Spring 2011 Workshops
January 24, 2011
Alexander Stremitzer (Yale Law School and ETH Zurich)
Remedies On and Off Contract
(with Richard Brooks)
Easy availability of rescission followed by restitution has, for centuries, unsettled legal authorities, who fear it as a threat to commercial order or other normative values. Responding to these fears, authorities have limited the ease with which rescission may be elected. Their approach is often excessive and based on misunderstandings of the remedy’s effects. Rescission followed by restitution may in fact promote contracting by allowing parties to create efficient incentives. Concern about the stability of contracting is not entirely unfounded, but the problem is not primarily due to the ease with which promisees are able to rescind following breach, rather it is the remedy that follows rescission. This essay presents an argument for liberal rescission followed by limited ensuing remedies. Modern reforms and reform proposals seem to embrace the opposite route of restricting access to rescission while at times allowing for generous ensuing remedies. Ironically, these proposals, as demonstrated in the essay, pose the real threat to contractual stability.
February 7, 2011
Christopher R. Drahozal (University of Kansas School of Law)
Arbitration and Profit
(with Peter B. Rutledge)
The choice of arbitration as a means of dispute resolution occurs in market settings. But not all participants in markets are for-profit businesses. In particular, financial institutions that issue credit cards include both for-profit firms (e.g., banks) and mutual (customer-owned) firms that operate on a not-for-profit basis (e.g., credit unions). This paper explores whether and in what ways these differing organizational forms might affect the choice of the means of dispute resolution. Anecdotal reports suggest that credit unions may be less likely than banks to include arbitration clauses in their standard form contracts with cardholders. This paper examines that possibility in detail, using data from a collection of credit card contracts newly available from the Federal Reserve. It finds that credit card issuers are less likely to use arbitration clauses when: (1) they are mutual firms (confirming the anecdotal reports); (2) they have lower outstanding balances of credit card loans; (3) they do not specialize in credit card lending; (4) they make less risky credit card loans; and (5) they are located in a state that has held class arbitration waivers unenforceable.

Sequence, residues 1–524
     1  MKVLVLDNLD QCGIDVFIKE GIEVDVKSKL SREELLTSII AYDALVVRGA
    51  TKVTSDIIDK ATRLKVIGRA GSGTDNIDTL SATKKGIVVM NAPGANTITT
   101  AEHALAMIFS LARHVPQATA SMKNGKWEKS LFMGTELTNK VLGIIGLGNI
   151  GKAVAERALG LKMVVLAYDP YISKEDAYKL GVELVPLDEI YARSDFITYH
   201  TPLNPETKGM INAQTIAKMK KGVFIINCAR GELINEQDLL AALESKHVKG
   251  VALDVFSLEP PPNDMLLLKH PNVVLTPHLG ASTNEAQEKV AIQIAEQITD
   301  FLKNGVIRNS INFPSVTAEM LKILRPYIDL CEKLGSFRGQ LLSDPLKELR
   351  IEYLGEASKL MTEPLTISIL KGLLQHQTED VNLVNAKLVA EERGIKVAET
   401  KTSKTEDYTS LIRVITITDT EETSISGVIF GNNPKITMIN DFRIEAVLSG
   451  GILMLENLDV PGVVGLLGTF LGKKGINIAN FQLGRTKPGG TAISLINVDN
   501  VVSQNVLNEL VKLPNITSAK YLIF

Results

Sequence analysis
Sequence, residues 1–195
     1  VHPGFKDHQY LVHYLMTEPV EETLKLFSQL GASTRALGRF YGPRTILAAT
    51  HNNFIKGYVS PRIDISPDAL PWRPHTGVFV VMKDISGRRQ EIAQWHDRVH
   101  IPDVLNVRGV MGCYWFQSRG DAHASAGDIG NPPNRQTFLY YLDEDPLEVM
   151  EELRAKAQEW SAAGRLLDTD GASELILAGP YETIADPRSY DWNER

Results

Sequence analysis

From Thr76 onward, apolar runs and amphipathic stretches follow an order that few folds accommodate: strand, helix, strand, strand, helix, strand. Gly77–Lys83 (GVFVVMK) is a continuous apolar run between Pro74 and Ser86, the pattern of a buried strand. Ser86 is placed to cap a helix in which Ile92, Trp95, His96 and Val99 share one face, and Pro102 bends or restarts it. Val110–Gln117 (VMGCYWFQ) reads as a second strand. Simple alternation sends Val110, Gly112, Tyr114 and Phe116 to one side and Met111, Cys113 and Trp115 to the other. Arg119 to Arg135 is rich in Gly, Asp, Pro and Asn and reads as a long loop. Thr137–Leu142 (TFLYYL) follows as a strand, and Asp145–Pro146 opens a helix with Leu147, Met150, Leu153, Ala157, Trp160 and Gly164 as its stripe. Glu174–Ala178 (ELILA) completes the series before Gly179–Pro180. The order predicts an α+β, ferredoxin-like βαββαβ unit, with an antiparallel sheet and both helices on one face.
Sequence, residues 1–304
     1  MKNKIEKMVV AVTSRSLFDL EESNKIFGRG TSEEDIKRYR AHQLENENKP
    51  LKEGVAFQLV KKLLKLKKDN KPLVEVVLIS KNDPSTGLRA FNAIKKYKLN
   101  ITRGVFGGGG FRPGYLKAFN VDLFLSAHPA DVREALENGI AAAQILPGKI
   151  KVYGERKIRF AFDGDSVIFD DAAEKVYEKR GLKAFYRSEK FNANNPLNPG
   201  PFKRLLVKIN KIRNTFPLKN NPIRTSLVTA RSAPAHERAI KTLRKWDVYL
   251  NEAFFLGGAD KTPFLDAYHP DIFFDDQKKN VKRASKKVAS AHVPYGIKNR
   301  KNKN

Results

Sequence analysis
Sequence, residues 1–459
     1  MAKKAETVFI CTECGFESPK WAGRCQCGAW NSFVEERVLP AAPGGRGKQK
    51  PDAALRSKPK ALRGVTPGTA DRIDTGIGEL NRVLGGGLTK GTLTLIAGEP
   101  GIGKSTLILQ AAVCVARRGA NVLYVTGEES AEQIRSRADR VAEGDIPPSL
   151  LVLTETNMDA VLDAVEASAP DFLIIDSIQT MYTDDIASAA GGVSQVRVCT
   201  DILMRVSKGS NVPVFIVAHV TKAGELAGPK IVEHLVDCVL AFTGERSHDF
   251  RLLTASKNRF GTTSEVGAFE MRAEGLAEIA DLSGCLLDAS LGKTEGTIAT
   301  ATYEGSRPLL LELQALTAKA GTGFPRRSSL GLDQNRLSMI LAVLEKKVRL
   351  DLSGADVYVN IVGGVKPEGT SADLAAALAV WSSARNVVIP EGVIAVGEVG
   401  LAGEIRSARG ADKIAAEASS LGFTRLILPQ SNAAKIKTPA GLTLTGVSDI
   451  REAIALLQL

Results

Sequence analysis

February 21, 2011
Ian Ayres (Yale)
The Law and Economics of Commitment Bonds That Compensate for the Possibility of Forfeiture
(with Michael Abramowicz)
This Article introduces compensating commitment bonds, which make it more affordable for a government, entity, or individual to commit to some course of action. These bonds, like traditional government or corporate bonds, can generate revenue for committing parties. A bond seller makes a commitment and promises to pay a forfeit if the seller fails to meet the bond conditions. The bond buyer pays the seller to be contractually designated as the recipient of any amounts the bond seller forfeits. This approach has potential application in a range of legal situations. Governments and other parties may use such bonds to facilitate commitments to principles from which they later may face temptation to deviate. Such bonds also can facilitate legislative compromise or the settlement of private legal disputes. The Article identifies a variety of incentive-equivalent commitment bond structures as well as the circumstances under which a particular implementation is likely to be most effective. It also explores hurdles to the use of such bonds, including the concerns that the courts might find a legislature’s use of such bonds to entrench its preferences unconstitutional and that a legislature might issue such bonds but cancel them after failing to maintain a commitment.
March 7, 2011
Kevin Davis (NYU Law)